“Then the impossible happened. I was there the day Josh no longer required a urinary catheter. I thought of the Asher Yotzar blessing. Pointing out that I could not imagine a more meaningful scenario for its recitation, I suggested to Josh, who was also a yeshiva graduate, that he say the prayer. He agreed. As he recited this old-age blessing, tears welled up in my eyes.
“You see…Josh is my son.”
What beautiful words. They should inspire us to stop and think every time we recite the bracha, appreciating His infinite wisdom and His chassodim. We must not take for granted His making things go right with all of our bodily functions.
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Another Tisha B’Av is approaching. Another day of mourning over the churban. It is a very difficult day, not so much because of the discomfort of the fasting, but because we are living nearly two millennia after churban Bayis Sheini. So far away in time and worlds apart in closeness to Hashem. In an age when we enjoy comforts unheard of not so long ago, in places where we enjoy religious freedom, how are we to feel that we’re missing something?
On the other hand, an American bochur learning in yeshiva in pre-World War II Europe once went to the Chofetz Chaim for a bracha. The tzaddik, hearing that the bochur had traveled so far away from home to learn Torah, greeted him warmly. Then he asked him, “Tell me, in America do they mourn over the churban? Do they eagerly await Moshiach?” The bochur, not sure what to answer, uttered a nervous “Yyyesss.”
The Chofetz Chaim was very pleased to hear this. “Memeilah here in Eastern Europe, if people eagerly await the arrival of Moshiach, it’s not such a chiddush, because the daily living here is very tough. But in America, where life is much easier, the fact that Yidden stillawait the geulah is truly a zechus for Klal Yisroel.” Yes, it is truly a zechus, but how do we sincerely mourn over the churban and eagerly await the redemption when we don’t really have a picture of what we are missing?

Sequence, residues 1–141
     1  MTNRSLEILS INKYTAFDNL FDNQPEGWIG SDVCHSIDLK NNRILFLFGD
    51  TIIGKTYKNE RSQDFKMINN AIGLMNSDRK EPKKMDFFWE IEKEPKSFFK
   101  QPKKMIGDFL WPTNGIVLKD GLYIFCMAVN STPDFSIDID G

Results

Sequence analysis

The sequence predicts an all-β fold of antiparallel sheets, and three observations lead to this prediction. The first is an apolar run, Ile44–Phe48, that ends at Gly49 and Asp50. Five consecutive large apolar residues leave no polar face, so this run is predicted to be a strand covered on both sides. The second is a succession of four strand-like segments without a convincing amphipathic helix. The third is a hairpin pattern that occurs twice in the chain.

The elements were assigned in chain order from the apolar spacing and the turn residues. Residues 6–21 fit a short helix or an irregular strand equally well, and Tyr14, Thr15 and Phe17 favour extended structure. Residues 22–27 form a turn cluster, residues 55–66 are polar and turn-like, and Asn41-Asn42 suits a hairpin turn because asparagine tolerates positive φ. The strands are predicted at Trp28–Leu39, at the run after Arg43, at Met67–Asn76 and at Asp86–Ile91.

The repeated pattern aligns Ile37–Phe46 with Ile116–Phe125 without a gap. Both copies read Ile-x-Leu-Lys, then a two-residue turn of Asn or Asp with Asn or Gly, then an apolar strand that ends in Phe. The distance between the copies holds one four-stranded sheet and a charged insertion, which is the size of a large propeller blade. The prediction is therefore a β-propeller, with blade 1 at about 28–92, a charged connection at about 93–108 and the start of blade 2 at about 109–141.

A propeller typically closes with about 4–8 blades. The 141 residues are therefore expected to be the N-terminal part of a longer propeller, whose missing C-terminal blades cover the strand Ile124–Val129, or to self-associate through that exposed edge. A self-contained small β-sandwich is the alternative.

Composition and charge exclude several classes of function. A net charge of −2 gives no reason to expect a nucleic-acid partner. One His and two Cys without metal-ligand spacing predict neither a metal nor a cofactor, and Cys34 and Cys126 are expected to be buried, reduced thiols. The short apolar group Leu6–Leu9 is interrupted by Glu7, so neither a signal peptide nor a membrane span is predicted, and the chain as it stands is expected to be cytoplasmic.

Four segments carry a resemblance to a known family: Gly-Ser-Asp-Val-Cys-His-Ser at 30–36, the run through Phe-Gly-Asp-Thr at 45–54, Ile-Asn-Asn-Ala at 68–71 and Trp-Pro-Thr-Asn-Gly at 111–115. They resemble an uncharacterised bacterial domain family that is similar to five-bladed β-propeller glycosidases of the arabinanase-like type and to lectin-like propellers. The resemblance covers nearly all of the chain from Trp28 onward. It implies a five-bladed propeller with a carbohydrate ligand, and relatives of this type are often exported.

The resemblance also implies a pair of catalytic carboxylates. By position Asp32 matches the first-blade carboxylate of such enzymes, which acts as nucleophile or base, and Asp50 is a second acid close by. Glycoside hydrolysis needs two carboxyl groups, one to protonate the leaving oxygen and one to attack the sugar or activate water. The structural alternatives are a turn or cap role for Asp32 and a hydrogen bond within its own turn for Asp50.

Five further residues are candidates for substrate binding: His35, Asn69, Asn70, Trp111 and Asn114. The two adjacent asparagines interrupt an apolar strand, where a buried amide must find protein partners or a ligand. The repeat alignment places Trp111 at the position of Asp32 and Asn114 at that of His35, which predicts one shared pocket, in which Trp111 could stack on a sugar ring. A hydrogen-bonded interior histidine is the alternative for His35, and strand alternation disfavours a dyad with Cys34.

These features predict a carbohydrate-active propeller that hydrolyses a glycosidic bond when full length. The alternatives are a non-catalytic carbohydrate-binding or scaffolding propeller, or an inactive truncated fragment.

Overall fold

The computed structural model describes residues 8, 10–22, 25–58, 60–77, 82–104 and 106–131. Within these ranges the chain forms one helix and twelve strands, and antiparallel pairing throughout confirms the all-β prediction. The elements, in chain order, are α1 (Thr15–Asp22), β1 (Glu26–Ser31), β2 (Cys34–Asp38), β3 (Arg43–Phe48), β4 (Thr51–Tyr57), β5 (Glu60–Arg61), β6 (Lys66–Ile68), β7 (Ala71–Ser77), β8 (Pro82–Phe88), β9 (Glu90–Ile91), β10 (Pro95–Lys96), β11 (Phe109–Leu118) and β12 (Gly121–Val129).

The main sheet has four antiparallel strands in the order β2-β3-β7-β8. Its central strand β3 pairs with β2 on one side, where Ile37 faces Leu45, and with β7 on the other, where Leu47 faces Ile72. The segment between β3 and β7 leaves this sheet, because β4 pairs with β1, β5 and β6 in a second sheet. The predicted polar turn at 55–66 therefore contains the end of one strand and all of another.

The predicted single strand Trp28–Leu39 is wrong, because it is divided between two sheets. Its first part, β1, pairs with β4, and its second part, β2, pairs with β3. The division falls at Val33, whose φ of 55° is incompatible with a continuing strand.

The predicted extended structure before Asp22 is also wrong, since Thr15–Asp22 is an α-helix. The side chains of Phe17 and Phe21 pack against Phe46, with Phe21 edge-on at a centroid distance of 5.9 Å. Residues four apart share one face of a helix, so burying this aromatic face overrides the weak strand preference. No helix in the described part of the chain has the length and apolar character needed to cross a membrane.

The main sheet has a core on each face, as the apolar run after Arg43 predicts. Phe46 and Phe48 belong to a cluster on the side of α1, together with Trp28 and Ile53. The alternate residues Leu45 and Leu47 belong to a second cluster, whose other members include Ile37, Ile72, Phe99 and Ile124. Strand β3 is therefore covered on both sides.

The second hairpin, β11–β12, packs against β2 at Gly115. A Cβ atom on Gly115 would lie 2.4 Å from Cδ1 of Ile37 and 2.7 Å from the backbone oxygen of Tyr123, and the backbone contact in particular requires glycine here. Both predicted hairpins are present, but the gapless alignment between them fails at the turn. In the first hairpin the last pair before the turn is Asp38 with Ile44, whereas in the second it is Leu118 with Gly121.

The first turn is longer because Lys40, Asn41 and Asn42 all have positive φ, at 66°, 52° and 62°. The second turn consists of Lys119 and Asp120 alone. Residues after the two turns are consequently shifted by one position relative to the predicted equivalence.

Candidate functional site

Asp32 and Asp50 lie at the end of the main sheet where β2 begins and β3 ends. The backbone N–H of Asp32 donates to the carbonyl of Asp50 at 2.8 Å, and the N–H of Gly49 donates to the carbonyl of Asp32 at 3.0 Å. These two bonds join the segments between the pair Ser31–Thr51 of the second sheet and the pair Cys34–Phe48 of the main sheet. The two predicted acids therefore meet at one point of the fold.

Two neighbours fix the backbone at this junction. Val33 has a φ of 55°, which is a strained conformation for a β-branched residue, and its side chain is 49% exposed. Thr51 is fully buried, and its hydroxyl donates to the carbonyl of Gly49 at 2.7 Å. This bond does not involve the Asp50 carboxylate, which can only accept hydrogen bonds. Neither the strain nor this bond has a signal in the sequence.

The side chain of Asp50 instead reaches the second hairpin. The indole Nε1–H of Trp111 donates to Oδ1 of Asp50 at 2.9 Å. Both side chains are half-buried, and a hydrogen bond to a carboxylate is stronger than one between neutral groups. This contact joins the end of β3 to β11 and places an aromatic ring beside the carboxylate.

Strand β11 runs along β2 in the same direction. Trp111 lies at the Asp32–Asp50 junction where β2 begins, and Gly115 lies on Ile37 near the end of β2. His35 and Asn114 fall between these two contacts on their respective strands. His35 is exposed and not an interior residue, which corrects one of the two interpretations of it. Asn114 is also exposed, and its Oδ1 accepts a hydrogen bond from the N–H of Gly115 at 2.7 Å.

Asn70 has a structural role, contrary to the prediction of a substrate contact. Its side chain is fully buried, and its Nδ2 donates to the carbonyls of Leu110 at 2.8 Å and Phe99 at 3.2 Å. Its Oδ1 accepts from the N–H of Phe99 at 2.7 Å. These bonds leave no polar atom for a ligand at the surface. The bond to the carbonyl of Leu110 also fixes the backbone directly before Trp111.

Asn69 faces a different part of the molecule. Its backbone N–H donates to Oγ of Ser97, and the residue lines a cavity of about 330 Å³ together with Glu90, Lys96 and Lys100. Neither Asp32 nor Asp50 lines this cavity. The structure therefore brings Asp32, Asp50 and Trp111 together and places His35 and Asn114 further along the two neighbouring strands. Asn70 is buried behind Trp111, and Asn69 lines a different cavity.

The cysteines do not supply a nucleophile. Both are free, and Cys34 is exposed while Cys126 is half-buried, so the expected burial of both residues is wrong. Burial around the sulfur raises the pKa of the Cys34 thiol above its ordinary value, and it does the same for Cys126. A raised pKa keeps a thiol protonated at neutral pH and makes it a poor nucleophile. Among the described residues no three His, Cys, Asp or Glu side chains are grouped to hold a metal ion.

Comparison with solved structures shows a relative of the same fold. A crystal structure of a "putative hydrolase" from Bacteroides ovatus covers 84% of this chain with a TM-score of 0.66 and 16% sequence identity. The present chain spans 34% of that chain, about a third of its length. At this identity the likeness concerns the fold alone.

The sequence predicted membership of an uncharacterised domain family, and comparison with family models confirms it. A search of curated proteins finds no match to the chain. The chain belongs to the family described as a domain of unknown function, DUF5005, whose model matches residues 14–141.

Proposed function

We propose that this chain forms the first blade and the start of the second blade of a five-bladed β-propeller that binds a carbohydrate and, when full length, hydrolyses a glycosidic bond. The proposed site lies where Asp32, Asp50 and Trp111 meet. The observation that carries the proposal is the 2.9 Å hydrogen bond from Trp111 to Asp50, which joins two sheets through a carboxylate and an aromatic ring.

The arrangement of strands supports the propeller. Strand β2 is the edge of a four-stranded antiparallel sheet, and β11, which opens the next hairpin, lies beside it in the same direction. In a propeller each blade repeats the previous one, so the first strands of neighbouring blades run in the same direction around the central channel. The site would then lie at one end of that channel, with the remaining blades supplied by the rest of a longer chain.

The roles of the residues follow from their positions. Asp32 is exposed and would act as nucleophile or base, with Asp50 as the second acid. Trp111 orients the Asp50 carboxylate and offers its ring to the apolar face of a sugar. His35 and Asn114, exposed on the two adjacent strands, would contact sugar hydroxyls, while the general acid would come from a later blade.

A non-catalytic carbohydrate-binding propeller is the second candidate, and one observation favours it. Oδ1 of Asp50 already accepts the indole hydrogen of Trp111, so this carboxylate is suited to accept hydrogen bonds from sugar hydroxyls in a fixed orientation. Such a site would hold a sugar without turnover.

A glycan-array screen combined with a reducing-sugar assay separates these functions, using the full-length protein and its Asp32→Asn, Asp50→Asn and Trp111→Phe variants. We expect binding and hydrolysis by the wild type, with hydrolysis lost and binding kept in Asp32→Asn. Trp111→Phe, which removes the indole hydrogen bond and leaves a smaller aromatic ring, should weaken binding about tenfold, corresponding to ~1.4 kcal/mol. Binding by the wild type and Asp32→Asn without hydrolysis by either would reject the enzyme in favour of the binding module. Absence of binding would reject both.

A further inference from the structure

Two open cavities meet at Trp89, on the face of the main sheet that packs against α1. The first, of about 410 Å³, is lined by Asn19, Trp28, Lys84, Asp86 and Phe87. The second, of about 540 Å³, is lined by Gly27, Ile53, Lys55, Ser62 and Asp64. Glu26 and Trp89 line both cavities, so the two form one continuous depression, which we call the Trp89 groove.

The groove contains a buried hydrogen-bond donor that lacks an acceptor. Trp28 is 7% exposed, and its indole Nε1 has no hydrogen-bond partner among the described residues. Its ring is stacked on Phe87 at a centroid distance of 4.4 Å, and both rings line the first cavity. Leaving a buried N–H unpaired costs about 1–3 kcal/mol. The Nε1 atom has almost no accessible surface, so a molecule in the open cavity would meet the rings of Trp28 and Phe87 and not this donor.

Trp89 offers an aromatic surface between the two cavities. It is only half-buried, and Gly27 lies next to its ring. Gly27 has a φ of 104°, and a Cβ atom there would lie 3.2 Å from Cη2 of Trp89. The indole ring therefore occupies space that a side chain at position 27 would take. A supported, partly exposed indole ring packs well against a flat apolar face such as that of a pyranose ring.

Perhaps we must envision what it’s like to have a broken neck. Yes, in golus, Klal Yisroel is collectively suffering from a broken neck. How so?
Let us study a posuk in Chumash. When Yosef revealed his true identity to his brothers in Mitzrayim and he embraced his beloved brother Binyomin, it says, “And he fell on his brother Binyomin’s neck and he wept, and Binyomin wept upon his neck” (Bereishis 45:14). What were they crying about? Rashi quotes Chazal, who explain that Yosef cried about the two Botei Mikdosh that will be located in the portion of Binyomin in Eretz Yisroel and will eventually be destroyed, while Binyomin cried for Mishkan Shiloh, located in Yosef’s portion, which will be destroyed. Where did Chazal see that their weeping had anything to do with the destruction of the Botei Mikdosh?
In Shir Hashirim, where Hashem expresses His love for Klal Yisroel, He says, “Your neck is like an ivory tower…” (Shir Hashirim 7:5). Rashi explains that this refers to the Sanctuary and the Mizbei’ach which stand upright and tall, and the Chamber of Hewn Stone, where the Sanhedrin sat, a bastion of strength and a shield for our people. Why are these referred to as a neck? Because just as the neck is the connection between the brain and the rest of the body that houses the spinal cord, its highway of communication, so too, the Bais Hamikdosh was the connection between Heaven and earth.
When Yaakov Avinu slept on this holy place, he saw this connection in his dream. “A ladder was set earthward and its top reached heavenward, and behold!Angels of Hashem were ascending and descending on it” (Bereishis 28:12). After he awoke, Yaakov said, “This is none other than the abode of Hashem and this is the gate of the heavens” (ibid 17). The angels going upward are created by our tefillos and deeds, while those descending are the malachim sent to help us.